TUMBLER RIDGE, B.C. – The mining company at the centre of concerns over the use of temporary foreign workers in British Columbia says it is doing more to invest in a community where its minority partner pulled out of an area project just a day earlier.
HD Mining said Sunday it held a ribbon-cutting ceremony on the weekend to celebrate its more than $15 million investment in housing in Tumbler Ridge, which will be used by workers at its nearby Murray River coal mine.
“HD Mining is committed to the community of Tumbler Ridge,” company chairman Penggui Yan said in a release. “We are honoured and humbled by the warm welcome we have received from the community.”
On Saturday, a company that has a minor stake in the Murray River mine — Canadian Dehua International Mines Group —announced it has decided to wind down work at its Wapiti River coal project, located southeast of Tumbler Ridge.
The Dehua mine, located 45 kilometres southeast of Tumbler Ridge, had been in the exploration phase. Construction was expected to be finished by 2014, according to a B.C. government website. The shut-down was to become effective Sunday at midnight.
Dehua said it will discuss the closure decision more on Monday, but has explained its investors are reluctant to continue their support during a legal challenge related to the Murray River project.
Two unions are pursuing a judicial review of the federal government’s decision to grant HD Mining temporary foreign worker permits for 201 miners from China. HD Mining, however, has defended its move and has filed an appeal of the Federal Court ruling that granted the unions the review.
The case has also prompted a federal government review of the entire temporary foreign worker program.
Two photos on HD Mining’s website show officials shaking hands and also snipping a long red ribbon encircling a small, newly-built home nestled amongst snow and construction equipment in Tumbler Ridge.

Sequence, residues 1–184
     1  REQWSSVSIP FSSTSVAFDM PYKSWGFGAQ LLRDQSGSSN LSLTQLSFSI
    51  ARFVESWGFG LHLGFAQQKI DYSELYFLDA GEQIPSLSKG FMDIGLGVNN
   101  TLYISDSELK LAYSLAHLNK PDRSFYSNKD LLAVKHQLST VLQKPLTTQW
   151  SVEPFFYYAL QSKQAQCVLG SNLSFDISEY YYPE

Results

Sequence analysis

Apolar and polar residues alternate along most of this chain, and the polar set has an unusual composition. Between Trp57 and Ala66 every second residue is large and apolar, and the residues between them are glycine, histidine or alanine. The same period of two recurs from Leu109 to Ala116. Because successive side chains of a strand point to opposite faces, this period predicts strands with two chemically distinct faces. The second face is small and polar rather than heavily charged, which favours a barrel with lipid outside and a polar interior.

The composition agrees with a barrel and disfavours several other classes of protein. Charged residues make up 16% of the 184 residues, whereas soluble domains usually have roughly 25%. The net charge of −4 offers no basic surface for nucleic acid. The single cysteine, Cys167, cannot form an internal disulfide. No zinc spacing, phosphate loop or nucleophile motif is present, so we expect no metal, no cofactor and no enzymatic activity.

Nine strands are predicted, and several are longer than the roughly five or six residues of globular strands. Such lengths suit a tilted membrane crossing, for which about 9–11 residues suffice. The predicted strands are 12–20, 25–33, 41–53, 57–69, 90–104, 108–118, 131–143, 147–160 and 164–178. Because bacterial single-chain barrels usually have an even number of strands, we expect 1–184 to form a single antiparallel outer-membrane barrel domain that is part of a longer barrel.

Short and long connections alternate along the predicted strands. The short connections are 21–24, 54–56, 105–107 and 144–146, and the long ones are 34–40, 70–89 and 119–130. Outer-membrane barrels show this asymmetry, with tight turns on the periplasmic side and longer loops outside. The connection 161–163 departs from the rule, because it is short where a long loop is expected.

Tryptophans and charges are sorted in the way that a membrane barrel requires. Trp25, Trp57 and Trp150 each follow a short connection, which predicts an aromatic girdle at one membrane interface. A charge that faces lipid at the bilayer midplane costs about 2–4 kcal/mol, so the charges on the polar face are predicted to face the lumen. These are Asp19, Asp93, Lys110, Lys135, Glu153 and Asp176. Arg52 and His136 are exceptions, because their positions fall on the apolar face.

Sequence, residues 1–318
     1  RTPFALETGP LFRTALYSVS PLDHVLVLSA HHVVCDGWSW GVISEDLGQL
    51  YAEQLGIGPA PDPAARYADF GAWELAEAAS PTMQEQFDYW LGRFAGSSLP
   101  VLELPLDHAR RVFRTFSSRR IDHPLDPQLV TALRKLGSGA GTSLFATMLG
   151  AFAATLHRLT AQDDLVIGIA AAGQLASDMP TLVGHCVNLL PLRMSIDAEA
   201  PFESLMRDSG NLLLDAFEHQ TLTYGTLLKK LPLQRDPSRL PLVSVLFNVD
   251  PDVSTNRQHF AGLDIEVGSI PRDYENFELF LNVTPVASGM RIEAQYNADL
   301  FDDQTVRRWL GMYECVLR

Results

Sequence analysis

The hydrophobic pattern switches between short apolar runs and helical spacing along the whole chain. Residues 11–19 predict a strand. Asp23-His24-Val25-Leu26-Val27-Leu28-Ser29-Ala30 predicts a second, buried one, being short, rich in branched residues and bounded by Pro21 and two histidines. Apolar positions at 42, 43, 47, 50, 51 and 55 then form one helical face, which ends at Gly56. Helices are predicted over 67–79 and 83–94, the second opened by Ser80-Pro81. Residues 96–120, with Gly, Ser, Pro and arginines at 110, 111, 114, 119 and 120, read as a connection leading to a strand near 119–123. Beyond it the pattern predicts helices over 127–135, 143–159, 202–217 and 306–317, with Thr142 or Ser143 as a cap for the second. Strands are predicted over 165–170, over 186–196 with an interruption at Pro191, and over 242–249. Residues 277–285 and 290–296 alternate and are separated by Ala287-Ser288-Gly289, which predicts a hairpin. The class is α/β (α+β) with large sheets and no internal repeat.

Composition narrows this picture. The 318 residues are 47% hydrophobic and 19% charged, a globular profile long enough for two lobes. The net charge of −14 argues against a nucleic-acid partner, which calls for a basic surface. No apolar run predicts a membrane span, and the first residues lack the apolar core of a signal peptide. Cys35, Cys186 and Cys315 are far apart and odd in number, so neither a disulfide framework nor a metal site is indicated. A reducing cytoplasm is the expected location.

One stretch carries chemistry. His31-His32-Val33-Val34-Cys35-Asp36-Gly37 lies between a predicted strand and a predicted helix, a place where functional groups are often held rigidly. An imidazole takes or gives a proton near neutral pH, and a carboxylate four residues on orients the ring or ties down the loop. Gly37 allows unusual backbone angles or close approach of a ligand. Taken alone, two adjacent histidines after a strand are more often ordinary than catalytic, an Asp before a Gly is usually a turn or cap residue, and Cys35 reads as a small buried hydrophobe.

Mayor Darwin Wren said the investment is the largest single-residential development in the community’s history.
“House projects like this are a great way to get our local economy moving,” he said in the release. “It puts local construction workers and trades people to work quickly, while having many other positive spin-off effects in the region.”
Wren told The Canadian Press in an interview Saturday that while he’s disappointed about Dehua’s closure, he remains optimistic about the Murray River project.
An open house was attended by more than 50 people following the ceremony marking HD Mining’s housing investment. Yan said he heard many positive statements about the company’s project, and a member of a local seniors’ group dropped off hand-knitted scarves and hats for the workers.
The company anticipates the project will have a production life of 30 years or more, said spokeswoman Jody Shimkus. She said the housing investment is part of the company’s initial phase of creating jobs and increasing commerce in the community.
HD Mining also signed an agreement last week with Northern Lights College to work together to train Canadian workers to staff its long wall underground mining operations, which the company says is the first of its kind in Canada.
The company says its transition plan includes eventually having Canadians do the work.
Tumbler Ridge is a town of about 2,700 that was incorporated in 1981 to support nearby coal mines.
— By Tamsyn Burgmann in Vancouver